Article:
How to make music a lesson in fun

Making classical music fun for children is the aim of a show called The Music Factory, which will be performed at Cork’s Everyman on Saturday.

Presented by Calefax, a reed quintet from the Netherlands, the theatrical concert is being staged in association with the Cork Orchestral Society and Music Generation. It’s aimed at children aged six and upwards.

The five musicians use music and mime to tell a poignant story: the Calefax men work in a factory making tubes. Their actions complement each other so perfectly that it seems as if they are making music. The orders for their product stop. They panic, but discover the different uses of the tubes. They experiment. It transpires that the most beautiful instruments can be made from the tubes — and the orders start flowing in again. With the Music Factory in place, the men must find a way to record their music.

The show, which is non-verbal, includes music from Mozart, Prokofiev, Bach, Byrd and Shostakovitch. Co-ordinator of Music Generation, in Cork, Mags O’Sullivan, says The Music Factory is ideal for a socially inclusive music education programme.

“We have a comprehensive wind-and-brass programme running in schools all around the city, particularly in the south side, in association with the Barrack Street Band. Members of the army band, and music graduates of UCC and CIT School of Music, teach on this programme. They’re teaching the clarinet, the saxophone, the flute and the recorder. So, The Music Factory seems like an opportunity for the children to see and hear the instruments they’re so intimate with being played in a different way.”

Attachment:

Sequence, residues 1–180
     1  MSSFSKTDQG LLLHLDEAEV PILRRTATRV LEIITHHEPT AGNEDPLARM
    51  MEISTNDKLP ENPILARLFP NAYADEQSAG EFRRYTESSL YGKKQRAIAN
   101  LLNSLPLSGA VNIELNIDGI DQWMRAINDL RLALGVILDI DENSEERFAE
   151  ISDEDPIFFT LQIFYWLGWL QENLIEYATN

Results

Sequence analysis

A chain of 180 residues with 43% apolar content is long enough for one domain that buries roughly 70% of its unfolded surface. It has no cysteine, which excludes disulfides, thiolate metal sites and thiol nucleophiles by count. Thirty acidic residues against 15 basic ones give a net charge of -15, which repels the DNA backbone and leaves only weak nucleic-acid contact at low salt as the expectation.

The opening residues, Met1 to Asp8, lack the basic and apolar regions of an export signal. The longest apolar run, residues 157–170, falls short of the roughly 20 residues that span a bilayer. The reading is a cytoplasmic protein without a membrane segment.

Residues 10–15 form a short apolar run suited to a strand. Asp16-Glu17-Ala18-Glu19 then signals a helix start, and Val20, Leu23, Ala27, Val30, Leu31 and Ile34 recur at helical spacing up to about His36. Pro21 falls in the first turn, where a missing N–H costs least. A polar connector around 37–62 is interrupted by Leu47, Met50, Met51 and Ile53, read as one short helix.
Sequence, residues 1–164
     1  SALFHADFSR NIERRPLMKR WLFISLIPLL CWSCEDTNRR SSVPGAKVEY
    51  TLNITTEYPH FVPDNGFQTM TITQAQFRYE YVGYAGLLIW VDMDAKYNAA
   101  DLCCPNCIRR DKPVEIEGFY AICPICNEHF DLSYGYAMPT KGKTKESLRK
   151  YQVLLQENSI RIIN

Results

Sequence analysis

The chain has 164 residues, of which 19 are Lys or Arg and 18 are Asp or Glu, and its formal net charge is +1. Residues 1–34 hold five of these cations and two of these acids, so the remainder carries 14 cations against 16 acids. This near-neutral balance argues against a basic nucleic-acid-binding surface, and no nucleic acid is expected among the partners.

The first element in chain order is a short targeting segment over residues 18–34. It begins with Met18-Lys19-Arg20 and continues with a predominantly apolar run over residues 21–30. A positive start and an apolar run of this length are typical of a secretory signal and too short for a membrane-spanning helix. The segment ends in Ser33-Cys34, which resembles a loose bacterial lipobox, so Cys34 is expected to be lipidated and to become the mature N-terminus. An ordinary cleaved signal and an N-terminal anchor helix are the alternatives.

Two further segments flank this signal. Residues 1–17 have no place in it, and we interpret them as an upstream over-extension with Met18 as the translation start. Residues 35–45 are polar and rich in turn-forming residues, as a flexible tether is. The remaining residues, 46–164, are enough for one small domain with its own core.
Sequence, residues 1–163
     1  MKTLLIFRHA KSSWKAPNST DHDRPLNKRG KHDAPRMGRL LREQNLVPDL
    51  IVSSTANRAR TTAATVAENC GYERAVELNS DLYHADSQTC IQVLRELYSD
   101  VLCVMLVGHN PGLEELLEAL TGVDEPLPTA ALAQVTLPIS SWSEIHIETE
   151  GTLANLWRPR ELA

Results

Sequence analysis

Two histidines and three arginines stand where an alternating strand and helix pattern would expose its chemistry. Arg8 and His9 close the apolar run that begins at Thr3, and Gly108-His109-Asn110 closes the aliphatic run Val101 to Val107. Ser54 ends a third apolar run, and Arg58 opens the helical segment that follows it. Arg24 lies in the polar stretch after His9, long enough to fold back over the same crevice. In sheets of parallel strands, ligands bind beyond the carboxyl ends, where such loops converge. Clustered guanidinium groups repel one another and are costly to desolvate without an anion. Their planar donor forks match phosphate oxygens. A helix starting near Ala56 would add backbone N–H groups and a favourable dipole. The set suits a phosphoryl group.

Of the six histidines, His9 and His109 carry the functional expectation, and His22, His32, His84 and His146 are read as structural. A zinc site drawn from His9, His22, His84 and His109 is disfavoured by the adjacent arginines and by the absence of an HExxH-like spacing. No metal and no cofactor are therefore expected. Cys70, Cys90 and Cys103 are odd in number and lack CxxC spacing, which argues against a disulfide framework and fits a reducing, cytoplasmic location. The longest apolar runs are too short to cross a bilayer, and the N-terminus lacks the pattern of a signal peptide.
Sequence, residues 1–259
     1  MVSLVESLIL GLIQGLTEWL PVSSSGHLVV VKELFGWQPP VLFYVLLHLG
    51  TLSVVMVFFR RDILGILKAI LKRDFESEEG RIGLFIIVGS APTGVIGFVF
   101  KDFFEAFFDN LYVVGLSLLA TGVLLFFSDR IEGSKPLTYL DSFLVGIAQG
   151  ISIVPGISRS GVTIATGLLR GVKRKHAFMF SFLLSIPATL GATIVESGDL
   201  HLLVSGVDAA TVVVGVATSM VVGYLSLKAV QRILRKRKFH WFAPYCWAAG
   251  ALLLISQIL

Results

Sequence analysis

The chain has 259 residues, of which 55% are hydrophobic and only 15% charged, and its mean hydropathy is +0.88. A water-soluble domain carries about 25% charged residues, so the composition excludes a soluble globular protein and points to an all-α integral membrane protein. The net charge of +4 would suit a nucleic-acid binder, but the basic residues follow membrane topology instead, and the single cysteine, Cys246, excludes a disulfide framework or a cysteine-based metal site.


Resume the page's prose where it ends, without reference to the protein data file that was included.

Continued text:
The Music Factory may influence children who are learning musical instruments. “As well as the music being arranged, Calefax have also worked with a theatrical director to develop this show. It translates well, wherever it goes. It’s just people having a bit of craic on stage with the instruments, and with a narrative stringing through the show.”

The show is also about people coping with a crisis by being creative. Music Generation “is all about exposure. It’s about giving children the opportunity to hear different types of music. The children learn different genres. The whole basis of the programme is that young people are learning music through making it themselves. There’s the idea that they can be part of an ensemble, even if they can only play one note. There’s a whole move in music education, generally, to try and integrate children, so they can use what they know in order to make music and have a more satisfying musical experience. Learning by doing embeds learning more deeply.”

Via Music Generation, 1,000 school children are taking part in weekly music classes.

* The Music Factory will be performed on Saturday at the Everyman, at 1pm.


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